At the end of June, Madalyn Parker, a web developer, emailed her boss to say she would be taking two days off from work to focus on her mental health. Her boss emailed her back to thank her for her candor, and the woman posted the exchange to Twitter. Now it’s been retweeted over 15,000 times!

More and more people – from everyday folks like Ms. Parker to celebrities like Chrissy Teigen, Washington Nationals player Trea Turner, and even Prince Harry – are opening up about their own experiences with mental health struggles like depression, anxiety, postpartum depression, seeking grief counseling, OCD, and other conditions.

Sharing these individual and specific stories is powerful on at least two fronts: first, you are affirming to yourself that you have nothing to hide or to be ashamed of, and that is itself cathartic and self-affirming. Secondly, you are showing others that “mental health” is not just some vague concept that we’re all “supposed” to support and care about, but an issue that more and more people need to acknowledge, and be sympathetic to. The more someone hears your story and others like it, the more likely that person is to accept their own limitations, realities, and responsibilities to keep themselves healthy in all senses of the word.

The responses to these deeply personal revelations are evidence of how powerful they are, and also how far we have yet to come towards normalizing mental health and self-care. On the one hand, there has been a vast outpouring of support and gratitude when each of the above individuals (and many, many others) shared their stories. Readers identified with these people’s stories, supporting my second reason for sharing them – to show specific examples in people’s lives of how these issues actually affect us. The overwhelmingly positive reception that these stories received shows how deeply needed they are, and why we all need to share more of them. More than just, “I support mental health care efforts,” please consider sharing, “Here is my personal experience with my own mental health ups and downs.” It’s powerful for you and for the reader/listener!

And so, because I am asking all of you to be courageous and share your story, it’s only fitting that I share mine. Being fired last year after reporting harassment and sexism in the workplace really threw me for a loop. Whether warranted or not, being fired is a form of rejection, and high achievers especially, detest rejection. This event sent me to a very dark place, especially given the circumstances. For a certain few weeks, I couldn’t get out of bed. I didn’t eat. I just wanted to close my eyes and be alone. Completely alone.

I just remember feeling so heavy. As if my head weighed 500 lbs. I felt exhaustion as soon as I would open my eyes. Too weak to fight, I would immediately close them again. I would sleep all day long and into the following day.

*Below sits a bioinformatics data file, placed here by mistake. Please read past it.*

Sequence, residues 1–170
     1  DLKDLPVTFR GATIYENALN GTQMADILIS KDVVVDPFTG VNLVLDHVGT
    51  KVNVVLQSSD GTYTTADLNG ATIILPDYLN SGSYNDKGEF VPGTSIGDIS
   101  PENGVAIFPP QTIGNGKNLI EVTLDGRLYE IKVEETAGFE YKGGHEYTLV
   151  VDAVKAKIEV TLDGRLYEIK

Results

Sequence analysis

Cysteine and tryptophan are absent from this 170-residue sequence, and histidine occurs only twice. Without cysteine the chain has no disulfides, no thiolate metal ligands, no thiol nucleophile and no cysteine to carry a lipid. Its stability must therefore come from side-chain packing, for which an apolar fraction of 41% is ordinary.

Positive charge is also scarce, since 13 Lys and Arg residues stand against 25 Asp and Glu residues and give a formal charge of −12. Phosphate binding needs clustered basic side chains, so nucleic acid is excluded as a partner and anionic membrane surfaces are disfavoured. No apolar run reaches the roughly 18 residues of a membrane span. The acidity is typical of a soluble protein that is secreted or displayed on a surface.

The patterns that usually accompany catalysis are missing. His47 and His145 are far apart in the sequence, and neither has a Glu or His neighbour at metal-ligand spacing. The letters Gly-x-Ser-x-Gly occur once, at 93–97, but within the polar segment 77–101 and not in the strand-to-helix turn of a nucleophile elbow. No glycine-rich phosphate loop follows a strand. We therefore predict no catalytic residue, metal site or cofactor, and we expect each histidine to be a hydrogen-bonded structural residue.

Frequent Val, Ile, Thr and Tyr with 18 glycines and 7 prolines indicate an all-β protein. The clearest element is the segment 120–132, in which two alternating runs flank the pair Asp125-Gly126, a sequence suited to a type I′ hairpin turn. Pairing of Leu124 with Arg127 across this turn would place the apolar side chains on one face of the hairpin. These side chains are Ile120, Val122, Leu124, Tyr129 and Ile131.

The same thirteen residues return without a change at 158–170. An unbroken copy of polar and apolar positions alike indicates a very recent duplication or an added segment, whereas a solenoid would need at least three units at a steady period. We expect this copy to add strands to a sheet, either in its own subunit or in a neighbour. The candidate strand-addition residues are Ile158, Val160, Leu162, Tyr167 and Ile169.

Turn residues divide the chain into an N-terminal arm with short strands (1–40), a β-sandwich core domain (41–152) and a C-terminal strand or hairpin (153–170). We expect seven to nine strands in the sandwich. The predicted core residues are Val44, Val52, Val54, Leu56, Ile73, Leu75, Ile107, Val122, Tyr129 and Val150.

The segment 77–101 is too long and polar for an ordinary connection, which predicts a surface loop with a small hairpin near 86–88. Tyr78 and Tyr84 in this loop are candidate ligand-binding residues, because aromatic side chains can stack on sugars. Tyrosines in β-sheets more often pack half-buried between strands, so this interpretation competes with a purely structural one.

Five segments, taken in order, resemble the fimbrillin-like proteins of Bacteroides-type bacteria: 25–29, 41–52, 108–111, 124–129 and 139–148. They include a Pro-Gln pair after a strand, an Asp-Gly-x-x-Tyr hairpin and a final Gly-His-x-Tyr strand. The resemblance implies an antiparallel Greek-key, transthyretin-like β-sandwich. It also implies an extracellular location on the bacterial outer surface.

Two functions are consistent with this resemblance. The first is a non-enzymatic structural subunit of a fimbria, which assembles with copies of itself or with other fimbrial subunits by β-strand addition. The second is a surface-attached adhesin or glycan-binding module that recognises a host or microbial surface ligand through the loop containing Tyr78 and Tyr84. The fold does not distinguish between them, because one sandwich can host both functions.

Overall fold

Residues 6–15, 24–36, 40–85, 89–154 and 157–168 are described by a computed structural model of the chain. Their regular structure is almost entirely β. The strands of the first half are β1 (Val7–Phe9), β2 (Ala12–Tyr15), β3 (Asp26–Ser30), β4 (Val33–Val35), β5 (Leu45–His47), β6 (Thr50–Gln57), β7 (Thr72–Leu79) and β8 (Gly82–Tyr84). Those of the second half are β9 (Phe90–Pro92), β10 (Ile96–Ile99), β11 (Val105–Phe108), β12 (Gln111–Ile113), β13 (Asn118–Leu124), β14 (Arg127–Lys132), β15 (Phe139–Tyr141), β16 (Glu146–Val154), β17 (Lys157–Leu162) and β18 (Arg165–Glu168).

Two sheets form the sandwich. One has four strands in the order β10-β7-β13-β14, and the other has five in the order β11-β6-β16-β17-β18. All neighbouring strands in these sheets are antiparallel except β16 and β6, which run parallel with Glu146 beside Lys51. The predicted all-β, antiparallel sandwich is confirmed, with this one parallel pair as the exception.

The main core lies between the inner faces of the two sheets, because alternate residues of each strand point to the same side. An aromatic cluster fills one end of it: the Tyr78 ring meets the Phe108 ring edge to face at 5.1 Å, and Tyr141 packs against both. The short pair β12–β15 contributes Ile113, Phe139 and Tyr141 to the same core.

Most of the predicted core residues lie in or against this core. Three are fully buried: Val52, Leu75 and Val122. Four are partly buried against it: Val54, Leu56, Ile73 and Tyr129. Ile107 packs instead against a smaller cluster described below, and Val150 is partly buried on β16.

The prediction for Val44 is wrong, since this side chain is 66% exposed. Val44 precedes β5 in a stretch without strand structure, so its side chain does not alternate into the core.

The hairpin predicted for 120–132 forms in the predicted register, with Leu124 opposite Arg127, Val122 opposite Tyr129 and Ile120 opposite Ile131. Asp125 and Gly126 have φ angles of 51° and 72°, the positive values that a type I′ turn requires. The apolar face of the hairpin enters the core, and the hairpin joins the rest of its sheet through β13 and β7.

Nothing motivated me, except for my dog. It’s a blessing that I have my dog, because he was the only reason I ever got out of bed – to walk/feed the dog and use the bathroom.

Now, I understand that my recent experience with depression only happened to me for a few weeks, and there are millions of people in the world affected by depression who work extremely hard at managing it every single day. But for me, this was a new and terrifying feeling. Terrifying because I knew what had started to happen to me. I was familiar with the warning signs. I was falling into the deep hole of depression and I desperately needed someone to throw a rope down so I could climb out.

Fortunately, because I had people in my life who had gone through similar, and who would be managing it for the rest of their lives, I was aware of what I needed to do which was ask for help. It was hard because I realized that by asking for help, I was exposing a weakness. But I knew that if I didn’t address it then, in the early stages, the alternative would have been devastating. I implore people to reach out to someone, anyone if you feel yourself starting to drift.

And as with any story, such as the ones I mentioned above, you always have critics, and despite the many responses thanking these people for sharing their story, there are of course the negative responses as well. It’s so tempting to just dismiss the “haters”, but the specific pattern of negative responses tells us how much work we still have to do, and why it’s still so important to keep sharing our stories honestly and openly. Illness in general, and chronic illness in particular, is still often seen as a form of weakness, especially in the workplace. How often have you seen some meme or joke whose punchline is basically, “X is so tough for powering through a marathon with a broken femur, but you stay home from work with the sniffles.”